As the Dallas Cowboys were giving them a beating last Sunday, the Seattle Seahawks defense provided a CenturyLink Field sideshow so fun it was worthy of a title:
Dancing Across From The Lone Stars.
On more than one occasion — during commercial breaks, or before third-and-long plays — the sound system blared rapper Rick Ross’ “Can’t Hold Me Back,” a track that turned a supposedly imposing group of would-be tacklers into defenders with happy feet.
While moving around to a tune has long been a way for cornerback Richard Sherman to occupy himself during the interminable lulls of a televised football game (“you get bored out there,” he explained last season), Sunday represented something of a breakout because 10 footloose teammates on the field joined Sherman.
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Spurred on by head coach Pete Carroll, who believes (and has the Super Bowl ring to back up his case) that practices should be buoyant events replete with rap music, the Seahawks’ ‘D’ brought its high-energy practice act to the field Sunday against a balanced, exquisitely prepared Cowboys offense.
It didn’t appear amused.
Playing football with unbridled enthusiasm is preferable to playing it with bridled enthusiasm, I suppose, or playing it with no enthusiasm at all. But there’s a potential problem with dancing while the opposing team is in a huddle: It can make the dancers look foolish.
Take the third-quarter TV break that found the Hawks, on a 10-point roll, set to begin a defensive series at the Dallas’ 19-yard line. They shook their arms and swayed their hips and got their groove on, delighting a crowd unaccustomed to such merriment.
When the music stopped, Cowboys quarterback Tony Romo took a silent-count snap and promptly fired a 46-yard strike down the right sideline to Terrance Williams. The wide receiver then did something unwise — he spiked the ball, prompting a delay-of-game penalty — but Williams couldn’t help it.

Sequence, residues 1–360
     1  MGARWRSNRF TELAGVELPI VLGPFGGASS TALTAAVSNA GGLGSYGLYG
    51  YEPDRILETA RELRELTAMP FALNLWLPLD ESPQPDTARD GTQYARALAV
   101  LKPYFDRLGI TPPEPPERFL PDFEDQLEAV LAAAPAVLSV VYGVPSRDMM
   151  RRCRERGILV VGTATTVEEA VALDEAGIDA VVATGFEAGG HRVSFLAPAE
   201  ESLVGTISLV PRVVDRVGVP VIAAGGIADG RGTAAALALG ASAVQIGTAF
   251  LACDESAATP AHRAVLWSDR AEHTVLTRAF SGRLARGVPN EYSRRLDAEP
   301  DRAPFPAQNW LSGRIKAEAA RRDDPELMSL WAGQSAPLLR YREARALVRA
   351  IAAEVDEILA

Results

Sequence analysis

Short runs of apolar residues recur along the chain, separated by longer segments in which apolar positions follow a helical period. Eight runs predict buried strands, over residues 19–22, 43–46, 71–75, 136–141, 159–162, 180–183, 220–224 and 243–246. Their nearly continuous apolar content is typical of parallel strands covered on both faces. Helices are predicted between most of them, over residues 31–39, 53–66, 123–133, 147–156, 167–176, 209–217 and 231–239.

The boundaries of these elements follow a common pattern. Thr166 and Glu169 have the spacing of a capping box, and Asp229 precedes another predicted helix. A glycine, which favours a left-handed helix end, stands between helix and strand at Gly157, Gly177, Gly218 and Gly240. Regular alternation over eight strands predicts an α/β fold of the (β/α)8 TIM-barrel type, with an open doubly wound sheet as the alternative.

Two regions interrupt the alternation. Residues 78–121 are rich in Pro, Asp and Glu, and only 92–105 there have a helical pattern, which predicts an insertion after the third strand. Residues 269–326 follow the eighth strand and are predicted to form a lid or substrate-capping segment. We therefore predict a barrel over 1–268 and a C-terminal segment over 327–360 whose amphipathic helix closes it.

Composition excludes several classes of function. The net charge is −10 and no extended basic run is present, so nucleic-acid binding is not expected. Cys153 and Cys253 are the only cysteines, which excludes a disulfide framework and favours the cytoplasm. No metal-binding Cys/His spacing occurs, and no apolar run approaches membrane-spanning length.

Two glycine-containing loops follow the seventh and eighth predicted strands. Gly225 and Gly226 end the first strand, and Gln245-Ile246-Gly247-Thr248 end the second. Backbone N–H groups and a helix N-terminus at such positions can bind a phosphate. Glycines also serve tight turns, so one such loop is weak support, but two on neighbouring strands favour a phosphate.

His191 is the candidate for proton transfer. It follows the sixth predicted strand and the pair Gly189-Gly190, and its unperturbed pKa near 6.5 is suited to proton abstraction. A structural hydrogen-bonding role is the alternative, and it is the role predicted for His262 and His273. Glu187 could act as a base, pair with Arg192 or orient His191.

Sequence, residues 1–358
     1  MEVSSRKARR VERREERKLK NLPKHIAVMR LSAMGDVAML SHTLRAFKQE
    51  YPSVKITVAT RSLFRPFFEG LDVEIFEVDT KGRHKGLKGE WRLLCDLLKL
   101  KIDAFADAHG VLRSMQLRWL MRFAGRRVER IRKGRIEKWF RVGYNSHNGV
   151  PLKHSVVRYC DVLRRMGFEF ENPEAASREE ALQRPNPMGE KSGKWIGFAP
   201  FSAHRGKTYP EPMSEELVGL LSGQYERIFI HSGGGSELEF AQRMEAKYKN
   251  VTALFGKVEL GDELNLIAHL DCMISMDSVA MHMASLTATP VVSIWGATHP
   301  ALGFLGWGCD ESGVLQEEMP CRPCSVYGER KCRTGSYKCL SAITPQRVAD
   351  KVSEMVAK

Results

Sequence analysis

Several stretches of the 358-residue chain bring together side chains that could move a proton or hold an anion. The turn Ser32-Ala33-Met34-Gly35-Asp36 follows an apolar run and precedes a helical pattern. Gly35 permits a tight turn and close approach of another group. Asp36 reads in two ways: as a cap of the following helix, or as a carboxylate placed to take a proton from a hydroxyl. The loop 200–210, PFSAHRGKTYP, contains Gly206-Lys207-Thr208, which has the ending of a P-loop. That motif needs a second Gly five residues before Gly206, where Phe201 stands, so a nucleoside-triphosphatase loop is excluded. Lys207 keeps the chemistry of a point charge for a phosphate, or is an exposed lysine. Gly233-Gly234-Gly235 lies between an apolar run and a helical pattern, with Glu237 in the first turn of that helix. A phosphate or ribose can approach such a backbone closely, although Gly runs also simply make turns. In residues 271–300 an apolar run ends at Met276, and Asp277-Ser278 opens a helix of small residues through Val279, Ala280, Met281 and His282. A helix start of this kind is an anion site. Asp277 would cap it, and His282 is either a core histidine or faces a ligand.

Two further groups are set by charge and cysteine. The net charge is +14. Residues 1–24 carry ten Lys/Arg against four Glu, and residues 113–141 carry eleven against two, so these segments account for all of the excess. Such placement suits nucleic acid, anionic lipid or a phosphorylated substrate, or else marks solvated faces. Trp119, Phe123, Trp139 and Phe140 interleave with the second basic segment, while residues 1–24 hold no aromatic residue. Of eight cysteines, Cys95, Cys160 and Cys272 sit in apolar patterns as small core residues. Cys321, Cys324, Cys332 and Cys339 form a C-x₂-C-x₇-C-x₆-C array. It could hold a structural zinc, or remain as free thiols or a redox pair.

He’d caught a long pass against a defense that was dancing moments before his team’s huddle broke. If ever an NFL player had an urge to spike the ball outside the end zone, it was then.
Despite the penalty, the Romo-to-Williams connection put the Cowboys in position for Dan Bailey to kick the 56-yard field goal that tied the score at 20-20 — a pivotal sequence in a game the Hawks appeared to have under control.
I don’t want to sound like an ogre ranting about the Seahawks’ appetite for frivolity. They’re playing a violent sport with dangerous consequences, and having some fun during the interludes seems like an innocent coping mechanism.
Put it this way: NFL players in 2014 have done worse things than dance in front of the other team.
Personally? When it comes to on-field behavior that would distress Vince Lombardi, George Halas and Paul Brown — and Mike Holmgren, for that matter — I’m a libertarian. If you want to talk smack, take a bow, dance to Rick Ross, go right ahead.
Just back it up.
The Seahawks didn’t back it up last Sunday. They had 17 chances to make a stop on third down, and they allowed the Cowboys to move the chains 10 times.
It was a performance that enhanced the perception of the Seahawks as America’s schoolyard bullies, brazen guys with attitude and swagger, forever daring some 98-pound nerd to get in their way.
The Cowboys not only stood up to the threat, they threw punches that weren’t returned. One to the gut, another to the jaw, who’s sorry now?
Dancing during a timeout might not be the same as taunting, but to borrow the jargon of another sport, it’s in the ballpark.
If the Hawks are serious about getting back to the basics, they might want to change their demeanor on defense. They might want to realize the challenge of moving as fluidly to music as Arthur Murray is different from the task of wrapping their arms around DeMarco Murray.
A purposeful stare has been known to work.